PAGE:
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The higher plant Arabidopsis thaliana (Arabidopsis) is an important model for identifying plant genes and determining their function. To assist biological investigations and to define chromosome structure, a coordinated effort to sequence the Arabidopsis genome was initiated in late 1996. Here we report one of the first milestones of this project, the(More)
Arabidopsis thaliana is an important model system for plant biologists. In 1996 an international collaboration (the Arabidopsis Genome Initiative) was formed to sequence the whole genome of Arabidopsis and in 1999 the sequence of the first two chromosomes was reported. The sequence of the last three chromosomes and an analysis of the whole genome are(More)
We have investigated the function of one of the six plastid sigma-like transcription factors, sigma 3 (SIG3), by analysing two different Arabidopsis T-DNA insertion lines having disrupted SIG3 genes. Hybridization of wild-type and sig3 plant RNA to a plastid specific microarray revealed a strong reduction of the plastid psbN mRNA. The microarray result has(More)
Genomic projects heavily depend on genome annotations and are limited by the current deficiencies in the published predictions of gene structure and function. It follows that, improved annotation will allow better data mining of genomes, and more secure planning and design of experiments. The purpose of the GeneFarm project is to obtain homogeneous,(More)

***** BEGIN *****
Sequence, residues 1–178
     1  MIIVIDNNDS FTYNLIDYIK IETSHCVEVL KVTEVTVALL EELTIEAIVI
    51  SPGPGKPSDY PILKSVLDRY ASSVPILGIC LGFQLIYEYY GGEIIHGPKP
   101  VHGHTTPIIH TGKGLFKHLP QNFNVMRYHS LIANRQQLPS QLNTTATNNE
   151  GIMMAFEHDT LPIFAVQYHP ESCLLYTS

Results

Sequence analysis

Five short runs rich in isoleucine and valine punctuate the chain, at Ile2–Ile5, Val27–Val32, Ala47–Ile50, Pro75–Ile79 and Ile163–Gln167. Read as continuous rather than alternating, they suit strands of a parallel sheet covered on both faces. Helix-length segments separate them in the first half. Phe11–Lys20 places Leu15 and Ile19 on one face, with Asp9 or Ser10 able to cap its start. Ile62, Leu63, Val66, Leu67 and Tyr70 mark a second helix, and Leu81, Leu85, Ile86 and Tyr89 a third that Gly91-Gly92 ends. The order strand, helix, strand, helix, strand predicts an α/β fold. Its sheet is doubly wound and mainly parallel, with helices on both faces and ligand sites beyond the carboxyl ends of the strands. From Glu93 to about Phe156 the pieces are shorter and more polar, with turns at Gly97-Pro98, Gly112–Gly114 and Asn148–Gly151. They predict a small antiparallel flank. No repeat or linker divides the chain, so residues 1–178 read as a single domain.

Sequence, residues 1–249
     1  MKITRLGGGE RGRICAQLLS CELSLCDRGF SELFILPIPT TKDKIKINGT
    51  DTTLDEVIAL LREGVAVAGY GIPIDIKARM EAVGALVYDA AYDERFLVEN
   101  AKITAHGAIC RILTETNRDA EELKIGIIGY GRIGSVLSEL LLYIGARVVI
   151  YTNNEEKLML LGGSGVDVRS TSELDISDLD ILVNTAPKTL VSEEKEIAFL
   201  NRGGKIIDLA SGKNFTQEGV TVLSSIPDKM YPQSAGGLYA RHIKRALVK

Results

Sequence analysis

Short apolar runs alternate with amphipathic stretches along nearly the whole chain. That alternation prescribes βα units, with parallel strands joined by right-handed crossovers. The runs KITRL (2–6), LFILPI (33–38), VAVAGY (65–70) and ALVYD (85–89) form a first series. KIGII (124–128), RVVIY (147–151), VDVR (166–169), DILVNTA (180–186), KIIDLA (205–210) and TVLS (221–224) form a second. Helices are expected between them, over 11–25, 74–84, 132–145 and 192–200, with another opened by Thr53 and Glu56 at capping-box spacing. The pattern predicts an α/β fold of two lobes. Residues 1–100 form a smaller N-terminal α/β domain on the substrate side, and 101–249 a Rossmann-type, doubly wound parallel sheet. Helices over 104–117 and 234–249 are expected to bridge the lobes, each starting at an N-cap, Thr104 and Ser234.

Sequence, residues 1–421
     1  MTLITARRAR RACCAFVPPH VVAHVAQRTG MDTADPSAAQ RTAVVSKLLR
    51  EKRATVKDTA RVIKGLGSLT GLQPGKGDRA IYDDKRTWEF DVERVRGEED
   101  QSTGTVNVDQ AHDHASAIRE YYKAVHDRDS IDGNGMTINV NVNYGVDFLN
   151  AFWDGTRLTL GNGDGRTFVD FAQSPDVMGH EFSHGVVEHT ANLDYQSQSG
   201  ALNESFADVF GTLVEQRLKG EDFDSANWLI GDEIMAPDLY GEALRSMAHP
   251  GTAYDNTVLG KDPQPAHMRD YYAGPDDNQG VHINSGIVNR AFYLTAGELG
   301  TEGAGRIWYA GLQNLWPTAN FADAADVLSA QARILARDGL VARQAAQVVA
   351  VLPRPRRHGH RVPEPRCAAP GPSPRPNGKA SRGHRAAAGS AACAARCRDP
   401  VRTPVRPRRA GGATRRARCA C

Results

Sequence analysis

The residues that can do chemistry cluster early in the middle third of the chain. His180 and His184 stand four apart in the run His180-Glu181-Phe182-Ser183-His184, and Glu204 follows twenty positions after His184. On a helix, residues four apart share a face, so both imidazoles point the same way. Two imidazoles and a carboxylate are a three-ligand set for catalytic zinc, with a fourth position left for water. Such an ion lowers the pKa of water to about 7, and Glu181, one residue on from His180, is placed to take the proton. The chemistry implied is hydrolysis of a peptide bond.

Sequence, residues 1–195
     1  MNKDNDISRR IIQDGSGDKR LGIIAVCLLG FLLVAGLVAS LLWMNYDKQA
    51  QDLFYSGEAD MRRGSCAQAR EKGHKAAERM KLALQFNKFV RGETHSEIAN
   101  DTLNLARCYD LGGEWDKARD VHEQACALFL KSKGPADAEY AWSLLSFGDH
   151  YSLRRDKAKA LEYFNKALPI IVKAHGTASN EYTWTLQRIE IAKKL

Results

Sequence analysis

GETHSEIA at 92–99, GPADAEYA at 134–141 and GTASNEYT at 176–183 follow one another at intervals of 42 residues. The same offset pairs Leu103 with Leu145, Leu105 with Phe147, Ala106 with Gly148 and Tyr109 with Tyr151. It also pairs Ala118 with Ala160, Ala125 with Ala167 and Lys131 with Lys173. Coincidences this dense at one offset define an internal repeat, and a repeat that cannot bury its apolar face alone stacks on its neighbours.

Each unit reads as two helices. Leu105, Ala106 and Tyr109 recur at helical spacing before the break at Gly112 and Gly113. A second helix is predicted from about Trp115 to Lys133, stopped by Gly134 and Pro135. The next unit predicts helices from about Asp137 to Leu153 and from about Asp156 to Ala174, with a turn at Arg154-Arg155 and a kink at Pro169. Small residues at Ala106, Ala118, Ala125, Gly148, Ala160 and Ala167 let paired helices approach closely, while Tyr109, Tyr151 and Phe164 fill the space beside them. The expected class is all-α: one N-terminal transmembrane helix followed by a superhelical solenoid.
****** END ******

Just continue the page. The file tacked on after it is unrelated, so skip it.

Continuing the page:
The nucleotide sequence of a 81 493 bp contig from Arabidopsis thaliana chromosome III has been determined together with 11 corresponding cognate cDNAs. Analysis of the finished sequence and comparison with public databases indicates a gene density of one gene per 4527 bp and identifies 17 novel genes, 10 of which are totally unknown or have no well-defined(More)
Arabidopsis thaliana has a relatively small genome of approximately 130 Mb containing about 10% repetitive DNA. Genome sequencing studies reveal a gene-rich genome, predicted to contain approximately 25000 genes spaced on average every 4.5 kb. Between 10 to 20% of the predicted genes occur as clusters of related genes, indicating that local sequence(More)
Determining the number of fluorescent entities that are coupled to a given molecule (DNA, protein, etc.) is a key point of numerous biological studies, especially those based on a single molecule approach. Reliable methods are important, in this context, not only to characterize the labeling process but also to quantify interactions, for instance within(More)
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